Al Qaeda Chief: How the US Tracked Down and Killed Aiman ​​al Zawahiri

It is the heaviest blow against the al-Qaeda leadership since the shooting of Osama bin Laden in Pakistan in 2011 by a unit of the Navy Seals: In a drone attack in the Afghan capital Kabul, the USA have bin Laden's successor at the head of the terrorist group , Aiman ​​al Sawahiri, killed.

Al Qaeda Chief: How the US Tracked Down and Killed Aiman ​​al Zawahiri

It is the heaviest blow against the al-Qaeda leadership since the shooting of Osama bin Laden in Pakistan in 2011 by a unit of the Navy Seals: In a drone attack in the Afghan capital Kabul, the USA have bin Laden's successor at the head of the terrorist group , Aiman ​​al Sawahiri, killed. The 71-year-old was one of the masterminds of the September 11, 2001 attacks and was one of the most wanted terrorists in the world. "Justice has been served and this terrorist leader is no longer alive," US President Joe Biden said in a televised address at the White House on Monday evening.

According to a US official, al Sawahiri was killed by two Hellfire missiles fired from a drone on the balcony of a house in Kabul on Sunday morning. How exactly the operation went and how the US secret services managed to identify al Sawahiri, who had been in hiding for many years, is reported by several news agencies and US media, citing statements by government officials, some of which were made on condition of anonymity.

The killing of al Zawahiri was the result of "careful, patient, and persistent" counterterrorism and intelligence work and months of top-secret planning by Biden and a close circle of his senior advisers.

The US government had been aware for several years that a network was supporting Zawahiri, reports the Reuters news agency. After the withdrawal from Afghanistan last year, the secret services searched for signs of al Qaeda's presence in the country. This year they found out that Sawahiri had moved into a so-called safe house in Kabul with his wife, daughter and their children. "His family, supported by the Haqqani-Taliban network, took up residence in the house after the Taliban regained control of the country last year, the Associated Press (AP) news agency writes.

Over the course of several months, intelligence agencies reportedly became more confident that they had correctly identified Zawahiri at his secret Kabul hideout, and in early April they finally notified senior government officials. Biden's national security adviser Jake Sullivan then informed the president. In May and June, a small group of government officials reviewed the information and developed options for Biden.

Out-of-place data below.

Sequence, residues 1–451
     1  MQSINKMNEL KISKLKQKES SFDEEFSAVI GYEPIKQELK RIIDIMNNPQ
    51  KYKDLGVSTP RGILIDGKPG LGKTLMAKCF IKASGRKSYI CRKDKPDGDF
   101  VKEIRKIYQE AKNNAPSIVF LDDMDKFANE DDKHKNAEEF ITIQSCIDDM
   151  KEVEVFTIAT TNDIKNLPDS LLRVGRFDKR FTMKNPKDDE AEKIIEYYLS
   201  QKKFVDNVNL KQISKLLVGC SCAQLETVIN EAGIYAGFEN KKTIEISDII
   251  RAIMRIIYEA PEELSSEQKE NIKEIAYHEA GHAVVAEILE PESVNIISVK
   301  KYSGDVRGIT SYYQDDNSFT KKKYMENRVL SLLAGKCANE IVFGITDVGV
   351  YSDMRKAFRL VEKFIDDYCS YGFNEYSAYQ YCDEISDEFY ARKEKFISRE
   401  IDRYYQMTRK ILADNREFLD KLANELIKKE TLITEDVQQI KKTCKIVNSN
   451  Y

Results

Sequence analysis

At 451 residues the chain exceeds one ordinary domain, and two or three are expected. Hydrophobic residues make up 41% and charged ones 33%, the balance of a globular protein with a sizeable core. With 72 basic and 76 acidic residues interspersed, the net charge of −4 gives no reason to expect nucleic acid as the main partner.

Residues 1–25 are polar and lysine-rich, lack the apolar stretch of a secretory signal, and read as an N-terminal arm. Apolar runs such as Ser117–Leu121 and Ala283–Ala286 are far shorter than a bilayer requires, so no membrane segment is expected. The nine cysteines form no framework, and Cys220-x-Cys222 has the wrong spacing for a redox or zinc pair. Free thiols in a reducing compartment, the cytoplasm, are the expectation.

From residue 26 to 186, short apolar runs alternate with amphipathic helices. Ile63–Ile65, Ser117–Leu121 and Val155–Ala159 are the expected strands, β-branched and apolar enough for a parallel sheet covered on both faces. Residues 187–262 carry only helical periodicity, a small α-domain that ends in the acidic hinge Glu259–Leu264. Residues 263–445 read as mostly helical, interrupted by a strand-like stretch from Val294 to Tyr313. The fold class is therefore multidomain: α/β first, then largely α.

"We were able to create a life pattern from multiple independent sources of information," said one official, describing the intelligence agency's actions. According to the findings, Sawahiri did not leave the safe house and he was identified "on several occasions and over long periods of time" on the balcony where he was finally killed.

Analysts examined the construction and condition of the shelter and scrutinized the residents to ensure that the operation to kill Zawahiri would not destroy the building and unnecessarily endanger civilians or the terror chief's family. Intelligence officials even made a scale model of Zawahiri's safehouse and placed it in the White House boardroom for Biden to examine and consider possible courses of action.

On July 1, after returning from a five-day trip to Europe, Biden was briefed on the planned operation in the White House boardroom by his advisors and CIA Director William Burns, the reports said. He peppered Burns, National Intelligence Director Avril Haines, and National Counter-Terrorism Center director Christy Abizaid with detailed questions "about what we knew and how we knew it," asking about lighting, weather, building materials, and other factors who could influence the success of the operation.

The President also urged officials to consider the risks the strike poses to American Mark Frerichs, who has been in Taliban captivity for more than two years, and to the Afghans who have supported the US war effort and are still in the country. could represent. Lawyers also reviewed the legality of the attack and concluded that Sawari, as an al-Qaeda leader and sponsor of attacks, was a legitimate target.

On July 25, Biden convened his key cabinet members and advisers for a final briefing to discuss, among other things, how the killing of Zawahiri would affect US relations with the Taliban. After hearing the opinions of those present, the President authorized "a precisely tailored airstrike" on condition that the risk of casualties among the civilian population and other residents of the house be minimized.

The opportunity presented itself on Sunday morning Kabul time. At 6:18 a.m. (9:48 p.m. Washington time), a drone fired two Hellfire missiles at al Sawahiri, the US government said. The blow was designed in such a way that the rockets only destroyed the balcony of the shelter where the 71-year-old was staying. None of Zawahiri's family members were injured. Biden was informed about the start and end of the operation.

Another 36 hours of intelligence analysis ensued before US officials made the sawahiri death public. "Several secret service sources" had confirmed that the terrorist chief was no longer alive. In addition, the intelligence services observed how the Haqqani-Taliban network restricted access to the safe house and relocated Zawahiri's family. US officials interpreted this as an attempt by the Taliban to hide that they had harbored the al Qaeda boss.

Quellen: Associated Press, Reuters, CNN

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